11. Creatine risks and side effects?
12. Long-term consequences of creatine use?
13. Does creatine cause cancer?
14. Can creatine help those with Muscular Dystrophy?
The creatine field has principally concentrated on male subjects between the ages of 18 and 35 years, a trend that is common in the sports medicine and exercise physiology fields. Scientific studies conducted on this age group have typically demonstrated enhancements in physical performance during repeated bouts of maximal effort, particularly during later repetitions when the accumulation of lactic acid becomes appreciable. Therefore, one of the major ergogenic benefits of creatine supplementation is to lessen the buildup of lactic acid and as a result, to prolong exercise output by offsetting the onset of muscle fatigue. Other contributions of creatine to the total ergogenic package have been discussed previously and have to do with creatine’s stockpiling effect over the cell’s anaerobic energy reserves (ATP and Phosphocreatine; see “How creatine works“), muscle cell proliferation and increases in the production of contractile and metabolic (energy-producing) proteins (see “How does creatine cause muscle growth“).
Although, the effects of creatine in children, the elderly and women has been studied much less, there is no a priori reason to think that creatine’s basic mechanism of action should differ with age or gender. However, subtle differences may exist in how creatine supplementation affects these distinct groups and special considerations may thus apply. That, is some aspects of creatine supplementation in these populations may be detrimental and present a valid basis for concern, whereas others may render a clear benefit. These considerations will be discussed below.
Whether creatine is safe for children is one of the questions that is most frequently submitted to this website. Most creatine experts are of the opinion that it is best to postpone creatine supplementation until after puberty, particularly since the long-term consequences of creatine supplementation are still largely unknown. In other words, if adverse consequences to creatine supplementation do exist, then the younger an athlete starts the practice, the more likely potential side effects are to manifest within their lifetime. Moreover, it has recently come to light that creatine influences cell metabolism and anabolism in ways never before suspected. It is unclear, at least to me, if such changes in cellular biochemistry are harmful to young developing bodies.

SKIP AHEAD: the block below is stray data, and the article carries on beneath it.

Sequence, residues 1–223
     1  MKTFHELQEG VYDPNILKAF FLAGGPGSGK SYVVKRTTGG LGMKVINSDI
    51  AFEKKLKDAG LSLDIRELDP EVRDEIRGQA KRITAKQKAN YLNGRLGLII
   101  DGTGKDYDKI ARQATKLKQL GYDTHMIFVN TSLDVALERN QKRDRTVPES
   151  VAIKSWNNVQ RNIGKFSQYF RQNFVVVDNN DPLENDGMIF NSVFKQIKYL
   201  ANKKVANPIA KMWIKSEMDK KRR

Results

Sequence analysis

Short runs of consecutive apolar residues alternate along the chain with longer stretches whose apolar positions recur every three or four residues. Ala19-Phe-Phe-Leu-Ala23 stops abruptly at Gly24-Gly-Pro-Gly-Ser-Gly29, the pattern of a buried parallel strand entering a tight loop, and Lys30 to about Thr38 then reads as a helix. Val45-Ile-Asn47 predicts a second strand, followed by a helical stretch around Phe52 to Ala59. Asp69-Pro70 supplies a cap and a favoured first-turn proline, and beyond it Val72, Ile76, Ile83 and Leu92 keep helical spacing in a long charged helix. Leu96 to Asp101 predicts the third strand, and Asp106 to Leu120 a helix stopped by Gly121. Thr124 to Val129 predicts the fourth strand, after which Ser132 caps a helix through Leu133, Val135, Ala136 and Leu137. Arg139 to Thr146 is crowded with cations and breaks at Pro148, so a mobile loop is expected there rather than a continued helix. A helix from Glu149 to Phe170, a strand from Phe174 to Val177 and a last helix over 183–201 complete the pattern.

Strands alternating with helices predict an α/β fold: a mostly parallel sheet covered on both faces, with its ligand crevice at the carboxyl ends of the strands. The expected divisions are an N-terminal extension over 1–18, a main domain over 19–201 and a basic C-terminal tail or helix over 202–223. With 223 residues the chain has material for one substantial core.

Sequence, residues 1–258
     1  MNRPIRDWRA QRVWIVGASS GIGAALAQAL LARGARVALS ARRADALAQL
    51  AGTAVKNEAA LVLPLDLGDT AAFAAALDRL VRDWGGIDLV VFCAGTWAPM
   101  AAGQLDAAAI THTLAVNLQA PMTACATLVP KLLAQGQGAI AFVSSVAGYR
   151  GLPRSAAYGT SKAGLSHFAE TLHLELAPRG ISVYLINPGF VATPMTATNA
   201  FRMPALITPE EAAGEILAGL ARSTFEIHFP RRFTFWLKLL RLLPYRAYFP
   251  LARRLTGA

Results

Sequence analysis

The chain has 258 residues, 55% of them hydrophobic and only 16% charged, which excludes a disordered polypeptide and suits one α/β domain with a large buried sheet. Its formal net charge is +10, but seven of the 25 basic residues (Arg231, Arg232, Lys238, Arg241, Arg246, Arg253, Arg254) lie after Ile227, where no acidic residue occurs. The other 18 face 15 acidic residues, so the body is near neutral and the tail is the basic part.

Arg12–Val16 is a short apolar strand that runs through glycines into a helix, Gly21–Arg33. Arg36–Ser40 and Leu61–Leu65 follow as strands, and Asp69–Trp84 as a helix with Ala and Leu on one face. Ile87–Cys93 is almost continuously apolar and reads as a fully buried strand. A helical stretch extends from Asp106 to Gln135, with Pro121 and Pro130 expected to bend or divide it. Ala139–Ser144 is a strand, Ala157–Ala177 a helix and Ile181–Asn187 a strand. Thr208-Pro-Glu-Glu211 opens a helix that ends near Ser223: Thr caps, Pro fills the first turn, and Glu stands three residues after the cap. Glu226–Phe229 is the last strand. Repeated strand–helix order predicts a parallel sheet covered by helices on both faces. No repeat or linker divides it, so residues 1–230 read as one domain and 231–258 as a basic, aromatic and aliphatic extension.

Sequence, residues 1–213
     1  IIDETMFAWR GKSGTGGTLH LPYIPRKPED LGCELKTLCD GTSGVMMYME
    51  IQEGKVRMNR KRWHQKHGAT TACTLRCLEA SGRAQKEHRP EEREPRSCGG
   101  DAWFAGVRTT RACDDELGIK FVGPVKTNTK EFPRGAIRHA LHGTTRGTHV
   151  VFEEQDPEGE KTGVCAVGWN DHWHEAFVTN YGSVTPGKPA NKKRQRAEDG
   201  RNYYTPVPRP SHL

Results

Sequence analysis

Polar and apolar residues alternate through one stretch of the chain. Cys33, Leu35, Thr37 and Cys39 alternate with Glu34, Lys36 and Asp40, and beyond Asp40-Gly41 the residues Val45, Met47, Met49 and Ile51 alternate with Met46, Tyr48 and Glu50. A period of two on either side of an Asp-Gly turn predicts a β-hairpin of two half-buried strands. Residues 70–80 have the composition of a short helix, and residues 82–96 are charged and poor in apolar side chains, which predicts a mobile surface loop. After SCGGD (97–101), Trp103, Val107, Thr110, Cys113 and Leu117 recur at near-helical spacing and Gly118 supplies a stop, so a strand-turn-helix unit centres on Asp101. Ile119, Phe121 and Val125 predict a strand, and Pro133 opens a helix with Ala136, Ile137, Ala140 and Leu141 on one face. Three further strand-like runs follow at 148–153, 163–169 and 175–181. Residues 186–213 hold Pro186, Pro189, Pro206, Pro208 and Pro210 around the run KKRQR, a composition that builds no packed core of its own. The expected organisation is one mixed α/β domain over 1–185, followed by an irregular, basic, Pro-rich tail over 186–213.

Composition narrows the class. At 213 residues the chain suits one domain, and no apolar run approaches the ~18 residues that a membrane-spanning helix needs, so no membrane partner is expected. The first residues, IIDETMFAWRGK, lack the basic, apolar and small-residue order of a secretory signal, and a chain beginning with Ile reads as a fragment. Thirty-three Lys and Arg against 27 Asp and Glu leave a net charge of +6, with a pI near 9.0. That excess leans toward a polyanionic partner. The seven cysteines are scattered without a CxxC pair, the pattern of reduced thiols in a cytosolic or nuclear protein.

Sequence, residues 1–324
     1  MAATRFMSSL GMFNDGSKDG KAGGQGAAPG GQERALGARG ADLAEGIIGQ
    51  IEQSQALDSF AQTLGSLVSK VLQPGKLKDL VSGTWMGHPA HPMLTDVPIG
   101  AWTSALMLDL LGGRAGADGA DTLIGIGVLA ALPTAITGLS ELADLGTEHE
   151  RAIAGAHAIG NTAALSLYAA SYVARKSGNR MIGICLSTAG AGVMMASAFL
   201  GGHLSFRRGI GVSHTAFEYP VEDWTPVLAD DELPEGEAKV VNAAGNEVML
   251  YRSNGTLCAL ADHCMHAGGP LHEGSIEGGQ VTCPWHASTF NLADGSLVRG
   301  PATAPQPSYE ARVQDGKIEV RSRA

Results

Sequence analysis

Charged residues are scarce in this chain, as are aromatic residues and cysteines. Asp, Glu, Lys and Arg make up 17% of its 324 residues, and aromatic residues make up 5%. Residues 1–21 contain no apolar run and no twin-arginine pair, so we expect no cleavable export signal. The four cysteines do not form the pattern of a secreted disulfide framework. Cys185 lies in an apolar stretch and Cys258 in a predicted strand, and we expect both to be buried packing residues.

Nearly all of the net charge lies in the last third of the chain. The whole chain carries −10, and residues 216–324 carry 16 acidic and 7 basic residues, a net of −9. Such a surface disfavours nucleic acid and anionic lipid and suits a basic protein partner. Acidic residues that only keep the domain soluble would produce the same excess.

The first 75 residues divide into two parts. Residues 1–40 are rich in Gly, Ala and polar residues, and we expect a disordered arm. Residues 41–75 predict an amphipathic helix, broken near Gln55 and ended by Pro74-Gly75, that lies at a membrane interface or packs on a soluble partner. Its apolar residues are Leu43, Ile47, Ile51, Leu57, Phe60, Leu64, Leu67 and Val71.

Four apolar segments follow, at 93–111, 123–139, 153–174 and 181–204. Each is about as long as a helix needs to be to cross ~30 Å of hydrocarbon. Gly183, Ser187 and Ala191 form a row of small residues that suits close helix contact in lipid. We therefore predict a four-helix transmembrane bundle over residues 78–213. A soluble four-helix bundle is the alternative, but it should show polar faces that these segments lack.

A more pertinent question might be: “Should children push themselves beyond the normal limits of play?” Remember, creatine supplementation primarily enhances an athlete’s ability to generate near maximal force during repetitive bouts of intense exercise. Given that some experts have warned that excessive mechanical stress might have deleterious consequences on a skeletal frame that is rapidly growing, I would advise against creatine supplementation before reaching puberty. This is just my personal opinion, the opinion of some experts may differ, and does.
Creatine studies conducted on adolescents have given both positive and null results creating a bit of confusion in the field. The simple truth is that too few studies exist to objectively state just how great an effective creatine supplementation has in the adolescent population. “Nonresponders” are observed even in the most heavily studied age group (18-35 years of age) and hence, the statistical uncertainty may merely reflect the fewer number of studies conducted on adolescents (see also “Does everyone respond to creatine?“).
Our muscular phosphocreatine levels decline in old age, partially explaining the decrease in strength and predisposition to fatigue observed in the elderly. Creatine supplementation might therefore prove especially worthwhile in the individuals over 50 years of age. In support of this notion several recent studies have demonstrated performance enhancement in healthy individuals in their 50s, 60s and early 70s. Importantly, creatine supplementation produces relatively greater gains in middle-aged subjects than in younger subjects.